DOVE (Heb. יוֹנָה, yonah), the domesticated (Columba domestica) as well as the wild pigeon, of which several species are found in Ereẓ Israel, in whose caves and rock clefts brood large flocks of rock pigeons (Columba livia), considered to be the original species of the domesticated variety. It builds its nest in the clefts of precipitous rocks inaccessible to birds and animals of prey (Jer. 48:28). Sepulchral chambers, hewn in caves in several places in Israel, are used by doves for brooding, and in the Bet Guvrin region there are columbaria consisting of tens of thousands of such chambers. Among the varieties of the rock pigeon is a wild variety found in Jerusalem which broods under the caves of houses and is known as the "loft-dove" in contradistinction to the "cote dove" which is bred (Tosef., Beẓah 1:10). The Mishnah refers to the catching of wild doves in nets (bk 7:7). The dove, which is permitted as food, was brought as an offering by the poor (Lev. 5:7) and by the Nazirite (Num. 6:10). Because of their importance as a sacrifice, the state of the young doves' development was taken into account when intercalating the year (Sanh. 11a). The sages held that the dove was eligible for sacrifices because "there is none among the birds more persecuted than doves" (bk 93a). It is monogamous, the female following the male (cf. Hos. 7:11). At nesting time the males coo (Isa. 59:11). The dove symbolizes beauty, innocence, and purity (Song 1:15; 5:2). The "benei yonah" which were used as sacrifices are defined in the Talmud as tender young doves until "their feathers begin to glisten"; they are identical with the gozal (Gen. 15:9; cf. Kin. 2:1; Ḥul. 22b). Of a superior domestic stock were the "hardesiot" doves, a name derived, some contend, from that of King Herod who, according to Josephus, bred doves (Jos., Wars, 5:181; cf. Ḥul. 139b). Among those ineligible to act as witnesses is one who decoys doves from his neighbor's dovecote or who engages in pigeon races (Sanh. 25a). The first dove mentioned in the Bible is the one sent by *Noah which brought back an olive leaf (Gen. 8:8–11) – according to rabbinic tradition from the Mount of Olives.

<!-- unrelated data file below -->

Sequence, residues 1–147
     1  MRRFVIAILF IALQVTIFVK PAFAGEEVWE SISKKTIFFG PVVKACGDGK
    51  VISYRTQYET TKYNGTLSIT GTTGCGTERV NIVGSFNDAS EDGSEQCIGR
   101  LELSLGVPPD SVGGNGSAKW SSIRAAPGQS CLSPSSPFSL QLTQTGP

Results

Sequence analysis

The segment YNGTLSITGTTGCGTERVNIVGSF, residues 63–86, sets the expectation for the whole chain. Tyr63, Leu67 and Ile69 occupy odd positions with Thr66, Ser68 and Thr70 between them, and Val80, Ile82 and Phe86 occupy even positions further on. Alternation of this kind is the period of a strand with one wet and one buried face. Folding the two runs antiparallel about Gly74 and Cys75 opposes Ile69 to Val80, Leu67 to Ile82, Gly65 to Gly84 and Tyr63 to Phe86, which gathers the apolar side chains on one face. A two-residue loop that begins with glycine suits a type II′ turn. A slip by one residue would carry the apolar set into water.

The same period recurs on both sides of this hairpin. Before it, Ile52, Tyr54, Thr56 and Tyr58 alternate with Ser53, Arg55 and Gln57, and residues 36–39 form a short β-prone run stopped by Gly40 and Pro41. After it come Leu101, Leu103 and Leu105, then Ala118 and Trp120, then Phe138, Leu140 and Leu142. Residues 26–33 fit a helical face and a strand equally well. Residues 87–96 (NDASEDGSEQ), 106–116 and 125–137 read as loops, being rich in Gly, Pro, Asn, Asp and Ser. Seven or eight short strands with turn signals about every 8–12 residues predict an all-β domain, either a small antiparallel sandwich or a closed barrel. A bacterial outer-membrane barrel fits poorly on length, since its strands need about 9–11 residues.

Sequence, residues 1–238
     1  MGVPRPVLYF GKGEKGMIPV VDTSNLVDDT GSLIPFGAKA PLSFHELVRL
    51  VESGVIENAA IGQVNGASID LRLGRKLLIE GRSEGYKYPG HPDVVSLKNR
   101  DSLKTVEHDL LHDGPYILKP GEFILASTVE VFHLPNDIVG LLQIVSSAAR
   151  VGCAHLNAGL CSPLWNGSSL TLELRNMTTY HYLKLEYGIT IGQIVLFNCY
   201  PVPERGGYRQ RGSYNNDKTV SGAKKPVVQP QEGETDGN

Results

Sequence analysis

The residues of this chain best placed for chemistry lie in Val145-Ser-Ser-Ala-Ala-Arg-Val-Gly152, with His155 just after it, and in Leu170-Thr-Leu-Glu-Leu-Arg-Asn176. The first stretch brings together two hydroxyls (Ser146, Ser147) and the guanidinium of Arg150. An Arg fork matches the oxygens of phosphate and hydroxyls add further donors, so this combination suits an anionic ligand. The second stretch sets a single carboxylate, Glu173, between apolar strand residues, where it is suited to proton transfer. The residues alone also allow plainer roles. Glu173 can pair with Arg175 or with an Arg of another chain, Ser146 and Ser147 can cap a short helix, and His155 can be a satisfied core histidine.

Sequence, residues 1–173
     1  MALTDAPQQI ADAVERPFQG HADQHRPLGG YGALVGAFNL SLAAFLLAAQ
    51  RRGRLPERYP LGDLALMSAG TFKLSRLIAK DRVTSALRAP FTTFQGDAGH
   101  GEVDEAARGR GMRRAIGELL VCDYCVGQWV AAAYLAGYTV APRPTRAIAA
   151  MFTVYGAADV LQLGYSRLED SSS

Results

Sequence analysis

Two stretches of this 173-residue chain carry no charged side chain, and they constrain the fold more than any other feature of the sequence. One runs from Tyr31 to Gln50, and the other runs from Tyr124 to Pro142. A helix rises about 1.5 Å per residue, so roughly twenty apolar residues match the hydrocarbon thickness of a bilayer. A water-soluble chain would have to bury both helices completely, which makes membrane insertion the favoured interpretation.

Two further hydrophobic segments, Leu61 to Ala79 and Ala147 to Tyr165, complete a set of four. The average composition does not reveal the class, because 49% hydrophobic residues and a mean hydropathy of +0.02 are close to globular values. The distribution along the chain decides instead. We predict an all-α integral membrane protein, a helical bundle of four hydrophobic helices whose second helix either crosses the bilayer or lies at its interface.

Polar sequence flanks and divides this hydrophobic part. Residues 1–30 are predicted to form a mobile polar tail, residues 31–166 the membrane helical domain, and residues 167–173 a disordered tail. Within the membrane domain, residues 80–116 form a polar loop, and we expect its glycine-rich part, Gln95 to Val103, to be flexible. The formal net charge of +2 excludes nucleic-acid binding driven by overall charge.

Lewysohn, Zool, 199ff.; Tristam, Nat Hist, 211–6; Y. Aharoni, Torat ha-Ḥai, 1 (1923), 103–5; F.S. Bodenheimer, Ha-Ḥai be-Arẓot ha-Mikra, 2 (1956), 385–92; J. Feliks, Animal World of the Bible (1962), 54. add bibliography: Feliks, Ha-Ẓome'aḥ, 238.
dove1 / dəv/ • n. 1. a stocky seed- or fruit-eating bird of the pigeon family, with a small head, short legs, and a cooing voice. 2. a person who advocates peaceful or conciliatory policies, esp. in foreign affairs.Compare with hawk1 (sense 2). DERIVATIVES: dove·like / -ˌlīk/ adj. dov·ish adj. (in sense 2). dove2 / dōv/ • past of dive.
In Christian art, a dove often stands for the Holy Spirit, as in Luke 3:22, in the account of Jesus being baptized by John in Jordan, ‘And the Holy Spirit descended in a bodily shape like a dove upon him.’ The dove in biblical terms is also associated with an olive branch as a messenger of peace and deliverance, as in the account in Genesis 8:8–12, of the dove sent out from the ark by Noah, which returned from its second flight with an olive leaf in its beak, ‘so Noah knew that the waters were abated from the earth’.
A dove is the emblem of St Ambrose, St David, St Gregory, and the Welsh-born St Samson, 6th-century bishop of Dol in Brittany.
In 20th century political usage, a dove is a person who (unlike a hawk) advocates peaceful or conciliatory policies, especially in foreign affairs.